№ 5, 2024. Strategic stability in Russia-US relations at the current stage

March 18, 2024

The words “strategic stability” are once again heard both in Moscow and in Washington, although with different connotations. Other nuclear weapon states’ capitals also weigh in with assorted “stabilizing” initiatives — from Beijing’s universal “No First Use” idea to, presumably, deterrent signals by Paris toying with possibility of direct military confrontation with Russia. In this short essay the author would like to provide perspective on what strategic stability is and what it is not, and how to survive the current turmoil.

First, “strategic stability” does not equal “international security”, and it fits adversarial relationship well. However, “strategic defeat” narratives do not help to preserve any of those. Main “task” of strategic stability is to remove incentives for a first nuclear strike. As we have limited understanding of what can explicitly lead to a nuclear use by a nuclear power, and the escalation dynamics can’t be fully managed, we should speak about, basically, preventing any direct armed conflict between nuclear superpowers. This is to some extent a shared understanding per January 3, 2022, N5 (P5) Statement.

Possible “incentives for a first nuclear strike” are based on threats that can be put in three provisional baskets: Offensive, Defensive, Combined. First relates to the possible offensive action by the adversary that will make you own arsenal non-usable (this might include attacks, kinetic and non-kinetic, against NC3), second — to the enhanced defensive capabilities of the adversary that are being developed in a way that can undermine your retaliatory strike capability. The “combined” basket takes the best (or the worst) of the previous ones, and, well, this is what we have at our table these days. However, we also can have a smaller basket, or a bag, near the baskets mentioned: that is, a symbolic, messaging role for a first nuclear strike, likely a very limited one. Overall, it seems, all the incentives do not seem to be a “bolt from the blue” kind of thing, as they will require several technological and operational steps, and very probably an ongoing military conflict. However, reversing escalatory trends would also demand very real steps.

Strategic stability relates to strategic (or integrated) deterrence. Through the “full spectrum cross domain” activities meant to enhance strategic deterrence one tries to prevent a course of actions by the adversary that might lead to a conflict. However, the very same activities might be seen as destabilizing by the adversary, and, in turn, force him to pursue steps that, meant as a deterrence messaging, will in fact be seen as threatening. Thus, despite the intention to deter destabilizing actions we might see an even more rapidly and dramatically destabilizing dynamics. This means that strategic deterrence operations should include a very robust messaging (or even “interpreting”) element, and extra steps must be taken to ensure that the message is received and understood. Also, the idea that nuclear deterrence can be restored through nuclear use, is a very dangerous one.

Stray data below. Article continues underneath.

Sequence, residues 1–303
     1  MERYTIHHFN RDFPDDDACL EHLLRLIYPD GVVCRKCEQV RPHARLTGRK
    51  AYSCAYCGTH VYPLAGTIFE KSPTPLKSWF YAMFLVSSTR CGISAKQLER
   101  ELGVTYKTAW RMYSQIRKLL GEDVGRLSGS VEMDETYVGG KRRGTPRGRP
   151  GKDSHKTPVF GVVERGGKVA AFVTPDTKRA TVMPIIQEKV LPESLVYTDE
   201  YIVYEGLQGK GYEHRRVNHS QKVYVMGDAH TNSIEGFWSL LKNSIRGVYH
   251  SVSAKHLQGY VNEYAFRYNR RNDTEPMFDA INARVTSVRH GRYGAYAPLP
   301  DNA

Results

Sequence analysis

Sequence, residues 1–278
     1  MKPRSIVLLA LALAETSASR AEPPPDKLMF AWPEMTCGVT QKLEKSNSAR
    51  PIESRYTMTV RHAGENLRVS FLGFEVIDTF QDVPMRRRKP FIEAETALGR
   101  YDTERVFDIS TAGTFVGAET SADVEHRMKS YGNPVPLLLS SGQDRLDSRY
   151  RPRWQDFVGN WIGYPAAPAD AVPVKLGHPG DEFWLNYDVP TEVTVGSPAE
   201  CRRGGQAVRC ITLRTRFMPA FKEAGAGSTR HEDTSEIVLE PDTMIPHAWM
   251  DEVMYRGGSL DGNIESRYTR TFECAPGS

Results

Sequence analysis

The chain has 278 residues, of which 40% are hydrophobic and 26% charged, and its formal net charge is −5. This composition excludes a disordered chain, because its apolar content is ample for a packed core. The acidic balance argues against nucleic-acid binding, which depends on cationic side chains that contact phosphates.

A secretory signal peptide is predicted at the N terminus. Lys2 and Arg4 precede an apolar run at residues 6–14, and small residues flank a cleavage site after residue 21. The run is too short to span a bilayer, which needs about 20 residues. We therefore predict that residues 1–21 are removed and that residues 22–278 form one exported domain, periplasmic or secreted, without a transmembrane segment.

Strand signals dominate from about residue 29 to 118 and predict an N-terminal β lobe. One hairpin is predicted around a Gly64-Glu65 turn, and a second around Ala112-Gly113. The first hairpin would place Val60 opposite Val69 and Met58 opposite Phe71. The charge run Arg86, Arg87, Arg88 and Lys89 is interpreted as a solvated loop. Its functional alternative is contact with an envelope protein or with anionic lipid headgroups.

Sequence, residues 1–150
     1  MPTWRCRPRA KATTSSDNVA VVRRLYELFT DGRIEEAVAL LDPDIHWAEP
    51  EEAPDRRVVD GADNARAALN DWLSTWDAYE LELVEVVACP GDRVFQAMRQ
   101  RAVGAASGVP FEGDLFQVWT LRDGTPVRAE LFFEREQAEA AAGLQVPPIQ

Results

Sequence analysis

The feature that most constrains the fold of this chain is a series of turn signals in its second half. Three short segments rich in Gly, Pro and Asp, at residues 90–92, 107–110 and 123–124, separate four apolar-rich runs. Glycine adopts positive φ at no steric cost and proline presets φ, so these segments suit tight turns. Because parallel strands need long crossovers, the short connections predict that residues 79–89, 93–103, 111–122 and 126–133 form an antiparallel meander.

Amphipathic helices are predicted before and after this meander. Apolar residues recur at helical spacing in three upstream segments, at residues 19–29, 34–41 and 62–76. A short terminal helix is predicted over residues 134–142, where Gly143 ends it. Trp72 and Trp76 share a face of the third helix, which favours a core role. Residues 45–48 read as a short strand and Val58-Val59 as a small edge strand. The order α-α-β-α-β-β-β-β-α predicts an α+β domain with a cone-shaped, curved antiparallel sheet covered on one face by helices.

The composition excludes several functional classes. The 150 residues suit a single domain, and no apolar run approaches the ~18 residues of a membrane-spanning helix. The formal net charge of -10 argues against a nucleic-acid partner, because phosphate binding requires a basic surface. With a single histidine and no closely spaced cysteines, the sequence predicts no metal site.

The logic of the previous sections suggest that there is a relationship between strategic stability and arms race (and “arms race stability” remains a thing). Indeed, both the idea to remove incentives for a first strike through enhancing your own offensive and defensive capabilities, as well as engaging in deterrence messaging through actual actions (e.g. statements, deployments, patrols, tests) provides a fertile soil for several rounds of action-reaction dynamics. Every round of these actions and reactions will make the situation less stable and harder to reverse.

Now, here comes the solution: strategic stability and arms control (in the broadest terms). To prevent an indefinite action-reaction spiral transparency and, in due time, limits might be the only possible tool. Of course, it is possible to think of a “strategically stable” situation base on extreme ambiguity and huge arsenals, but such stabilization will hardly survive for a prolonged period, especially in a situation with numerous actors involved. It is worth noting that disarmament is a somewhat different domain. However, the lower the levels of arsenals (including but not limited to nuclear) that provide for a stable situation, that better it is for the international security. 

Finally, what can be done about a “three body problem”? Well, current strategic friendship between Russia and China has some arms control at its foundation, this means that the value is well understood. Moreover, we have a common understanding, although an extremely broad one, on the global strategic stability. Now it is up to the US to find some sort of useful measures that can be embraced by China eventually. 

Coming back to the first section, under current environment it seems that no arms control-ish measures, and no strategic stability-specific discussions can be expected between Russia and the US if there is no visible interest in Washington to address and resolve the broader security issues. At the same time, some guardrails for the strategic domain remain in place. Hopefully, we will survive long enough to see another era of ambitious hard arms control being embraced by the great powers as a measure to keep the ongoing competition from spiralling into an actual confrontation and war. 

Key words: Russia-USA; Strategic Stability; Arms Control; Nuclear Nonproliferation


E16/MIN – 24/03/18